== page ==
In October, I taught a two-day workshop at a local public library. Our focus was on writing about moments from our pasts that still haunt us in some way. We wrote about things that hurt us, that shamed us, that left us with guilt and regret. Along the way, we also revisited moments of joy and hilarity. We laughed at our younger selves while at the same time we felt empathy for the children we once were. We wrote with honesty. We didn’t hold back. We wrote to think more deeply about the moments we can’t forget in hopes of increasing our understanding of how they came to be and what they taught us about ourselves and the world around us. We wrote because we had stories to tell, and we wanted to find ways to tell them.
I love teaching memoir workshops for adult learners because, if I do it right, they find a voice for all the things they’ve been unable to say. One woman in my class said, “I haven’t written anything for over fifty years.” I told her, “Welcome home.”
We started small. As some of you know, I have an exercise that I’ve been using for over thirty years, one in which I ask people to remember pairs of shoes they wore when they were children. For this class, I also gave participants an option of recalling favorite toys they had or toys they coveted but never received. One woman recalled a doll she lost on a beach in Florida and how, even now, when she goes back to that place, she keeps an eye out, thinking she just might find it. Everything, I told the participants, is a potential metaphor. Any detail, when held up to our experience, might be a way of exploring and expressing what we can’t bring ourselves to face directly. Another woman, for instance, recalled always wanting a ventriloquist’s dummy but never having it. She said, “It makes me wonder why I wanted one so badly.” Then she went on to say, “Someone was doing something hurtful to me, but I couldn’t tell anyone.” Was it any wonder, then, that she wanted that dummy, a channel for the voice she couldn’t find and the things she couldn’t say?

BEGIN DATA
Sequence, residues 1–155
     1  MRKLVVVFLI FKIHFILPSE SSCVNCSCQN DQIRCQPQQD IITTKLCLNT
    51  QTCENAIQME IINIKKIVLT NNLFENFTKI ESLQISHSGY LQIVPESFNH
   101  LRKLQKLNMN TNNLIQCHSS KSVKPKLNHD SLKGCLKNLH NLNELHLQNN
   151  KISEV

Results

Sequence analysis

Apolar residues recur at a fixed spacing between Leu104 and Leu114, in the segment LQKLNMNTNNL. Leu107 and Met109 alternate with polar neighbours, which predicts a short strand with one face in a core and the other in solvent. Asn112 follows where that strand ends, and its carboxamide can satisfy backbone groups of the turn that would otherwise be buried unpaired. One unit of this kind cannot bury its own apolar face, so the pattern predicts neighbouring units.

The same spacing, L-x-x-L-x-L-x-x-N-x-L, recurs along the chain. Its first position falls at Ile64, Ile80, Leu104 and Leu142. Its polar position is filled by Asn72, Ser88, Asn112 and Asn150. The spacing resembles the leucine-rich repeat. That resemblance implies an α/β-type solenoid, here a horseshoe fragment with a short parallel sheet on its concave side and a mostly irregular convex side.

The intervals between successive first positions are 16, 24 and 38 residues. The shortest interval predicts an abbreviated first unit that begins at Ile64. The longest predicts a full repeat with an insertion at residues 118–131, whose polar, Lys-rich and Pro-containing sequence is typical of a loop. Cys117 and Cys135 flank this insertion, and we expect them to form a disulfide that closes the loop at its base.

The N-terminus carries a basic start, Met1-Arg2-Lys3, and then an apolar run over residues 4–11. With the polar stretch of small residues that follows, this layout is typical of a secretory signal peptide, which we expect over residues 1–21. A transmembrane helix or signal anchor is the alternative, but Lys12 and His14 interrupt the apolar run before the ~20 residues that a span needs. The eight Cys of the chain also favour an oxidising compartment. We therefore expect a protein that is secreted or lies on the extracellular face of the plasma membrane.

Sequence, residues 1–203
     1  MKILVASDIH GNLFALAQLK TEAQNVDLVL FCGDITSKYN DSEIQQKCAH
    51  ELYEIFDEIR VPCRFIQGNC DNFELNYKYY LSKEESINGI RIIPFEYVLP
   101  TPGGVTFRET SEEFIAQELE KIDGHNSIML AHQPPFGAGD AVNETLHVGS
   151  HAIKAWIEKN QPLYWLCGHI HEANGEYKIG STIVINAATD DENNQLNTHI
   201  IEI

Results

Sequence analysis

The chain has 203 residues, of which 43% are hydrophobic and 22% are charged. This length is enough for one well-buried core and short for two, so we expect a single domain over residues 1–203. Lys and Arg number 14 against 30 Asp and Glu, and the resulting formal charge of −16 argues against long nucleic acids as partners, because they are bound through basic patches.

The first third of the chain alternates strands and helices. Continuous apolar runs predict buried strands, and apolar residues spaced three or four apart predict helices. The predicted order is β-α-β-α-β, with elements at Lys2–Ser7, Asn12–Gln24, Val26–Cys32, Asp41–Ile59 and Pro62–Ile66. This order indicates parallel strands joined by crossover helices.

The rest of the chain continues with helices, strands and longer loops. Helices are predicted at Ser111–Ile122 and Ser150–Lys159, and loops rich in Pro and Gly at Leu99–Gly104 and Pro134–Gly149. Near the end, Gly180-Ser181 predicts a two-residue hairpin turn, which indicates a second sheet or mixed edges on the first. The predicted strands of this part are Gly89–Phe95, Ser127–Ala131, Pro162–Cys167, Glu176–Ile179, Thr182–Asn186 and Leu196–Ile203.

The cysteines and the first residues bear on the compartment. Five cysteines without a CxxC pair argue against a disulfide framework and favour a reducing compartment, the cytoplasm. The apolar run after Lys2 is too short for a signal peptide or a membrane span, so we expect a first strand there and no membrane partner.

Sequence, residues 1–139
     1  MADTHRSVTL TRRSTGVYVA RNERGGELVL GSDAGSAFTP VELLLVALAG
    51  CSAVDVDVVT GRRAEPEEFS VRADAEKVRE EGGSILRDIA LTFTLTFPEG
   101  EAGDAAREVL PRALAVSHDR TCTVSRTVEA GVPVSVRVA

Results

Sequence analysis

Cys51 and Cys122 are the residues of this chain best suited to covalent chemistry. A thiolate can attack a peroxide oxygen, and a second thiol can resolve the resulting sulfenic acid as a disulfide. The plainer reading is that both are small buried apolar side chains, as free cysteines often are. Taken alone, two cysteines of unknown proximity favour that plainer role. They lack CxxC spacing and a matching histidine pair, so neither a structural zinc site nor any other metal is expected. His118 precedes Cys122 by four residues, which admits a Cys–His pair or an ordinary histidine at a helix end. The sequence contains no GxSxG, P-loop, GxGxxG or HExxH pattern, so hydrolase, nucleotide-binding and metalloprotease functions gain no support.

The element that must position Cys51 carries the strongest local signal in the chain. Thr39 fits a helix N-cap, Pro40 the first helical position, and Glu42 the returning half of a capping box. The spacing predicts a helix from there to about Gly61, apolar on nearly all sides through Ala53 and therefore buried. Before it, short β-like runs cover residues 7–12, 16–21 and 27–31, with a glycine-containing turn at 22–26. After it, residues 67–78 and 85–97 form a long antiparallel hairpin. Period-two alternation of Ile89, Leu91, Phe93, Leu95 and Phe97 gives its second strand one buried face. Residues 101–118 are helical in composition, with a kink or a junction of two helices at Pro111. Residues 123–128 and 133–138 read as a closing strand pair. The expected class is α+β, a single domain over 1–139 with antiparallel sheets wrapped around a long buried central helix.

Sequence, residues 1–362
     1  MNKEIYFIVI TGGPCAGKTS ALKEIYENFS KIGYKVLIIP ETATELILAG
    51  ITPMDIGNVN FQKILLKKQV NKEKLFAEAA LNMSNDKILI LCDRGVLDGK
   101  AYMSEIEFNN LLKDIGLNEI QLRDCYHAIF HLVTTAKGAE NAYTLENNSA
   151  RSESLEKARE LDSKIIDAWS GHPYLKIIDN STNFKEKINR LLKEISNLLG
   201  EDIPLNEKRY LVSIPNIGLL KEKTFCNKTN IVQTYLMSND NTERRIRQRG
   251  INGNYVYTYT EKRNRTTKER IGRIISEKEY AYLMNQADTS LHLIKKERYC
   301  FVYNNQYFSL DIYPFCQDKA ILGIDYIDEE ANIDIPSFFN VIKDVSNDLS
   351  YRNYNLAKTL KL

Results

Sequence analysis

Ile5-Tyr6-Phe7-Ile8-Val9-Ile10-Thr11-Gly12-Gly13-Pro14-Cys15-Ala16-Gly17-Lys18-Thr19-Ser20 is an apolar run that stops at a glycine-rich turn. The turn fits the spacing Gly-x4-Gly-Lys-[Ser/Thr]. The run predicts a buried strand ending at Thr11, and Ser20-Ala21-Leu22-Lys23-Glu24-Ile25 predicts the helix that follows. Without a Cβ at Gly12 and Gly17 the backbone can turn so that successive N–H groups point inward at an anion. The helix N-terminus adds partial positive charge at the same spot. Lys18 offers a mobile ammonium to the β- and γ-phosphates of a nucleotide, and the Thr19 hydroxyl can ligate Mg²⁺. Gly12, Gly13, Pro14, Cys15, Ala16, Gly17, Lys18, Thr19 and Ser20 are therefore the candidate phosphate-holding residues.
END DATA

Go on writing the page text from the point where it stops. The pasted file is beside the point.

Another woman wrote about having cerebral palsy and her painstaking attempts to tie the laces of her orthopedic shoes. A ventriloquist’s dummy, a lost baby doll, a pair of orthopedic shoes—such were the conveyances into the memories of hurtful things. If we pay close attention to the details, our sense memory can locate us in the past. Once we’re there, we can use the persona of the writer reflecting on experience to think more deeply about who we were at that time and what it all meant for the people we would become. We might also manage a degree of empathy for, or a least a deeper understanding of, those who hurt us. As Patricia Hampl says, “Memoirists wish to tell their mind. Not their story.” I’d add that the story is the way we invite the memoirist’s sensibility onto the page.
It’s a privilege to live inside the consciousness of a writer as they tell their story. To quote Hampl again: “To write about one’s life is to live it twice, and the second time is both spiritual and historical.” Spiritual because we hold the mystery of a life up to the light. Historical because we place that life in a span of time that transcends the past and carries us into the present and the future.
Try it for yourselves. Choose a small, concrete detail that takes you back in memory to a specific moment from your life that touched you in some way. Maybe it was a hurtful thing you did to someone else, or maybe it was something hurtful that someone did to you. Find those moments you still think about years after the fact because something happened that shook you. Pay attention to the details. Use your position as the adult narrator to interpret your own experience. Say the secret things, the ones that still can keep you up at night, the ones you’ve carried with you for years, the ones you’ve never been able to bring yourselves to share. Claim your experiences. Announce them. Even if no one ever reads what you write, feel the power that bearing witness can bring you.